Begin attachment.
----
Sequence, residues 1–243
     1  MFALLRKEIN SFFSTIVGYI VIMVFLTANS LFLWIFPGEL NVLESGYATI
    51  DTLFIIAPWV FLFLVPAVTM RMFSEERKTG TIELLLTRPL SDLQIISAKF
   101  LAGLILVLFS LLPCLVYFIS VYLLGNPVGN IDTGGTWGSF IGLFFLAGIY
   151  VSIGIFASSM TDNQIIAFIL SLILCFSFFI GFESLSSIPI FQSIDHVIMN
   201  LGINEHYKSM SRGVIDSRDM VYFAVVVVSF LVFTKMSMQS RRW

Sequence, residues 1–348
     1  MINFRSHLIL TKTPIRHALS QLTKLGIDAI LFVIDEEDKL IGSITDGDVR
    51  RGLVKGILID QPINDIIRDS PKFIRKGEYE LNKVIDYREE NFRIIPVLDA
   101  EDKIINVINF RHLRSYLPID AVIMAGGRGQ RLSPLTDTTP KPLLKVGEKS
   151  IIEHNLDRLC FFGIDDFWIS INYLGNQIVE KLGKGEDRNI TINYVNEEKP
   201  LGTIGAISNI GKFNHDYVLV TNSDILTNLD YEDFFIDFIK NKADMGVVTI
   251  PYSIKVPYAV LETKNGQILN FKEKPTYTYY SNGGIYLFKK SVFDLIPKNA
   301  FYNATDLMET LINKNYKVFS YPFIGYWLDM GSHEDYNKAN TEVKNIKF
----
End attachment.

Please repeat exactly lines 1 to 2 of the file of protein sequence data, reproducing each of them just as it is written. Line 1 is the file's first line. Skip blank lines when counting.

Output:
Sequence, residues 1–243
     1  MFALLRKEIN SFFSTIVGYI VIMVFLTANS LFLWIFPGEL NVLESGYATI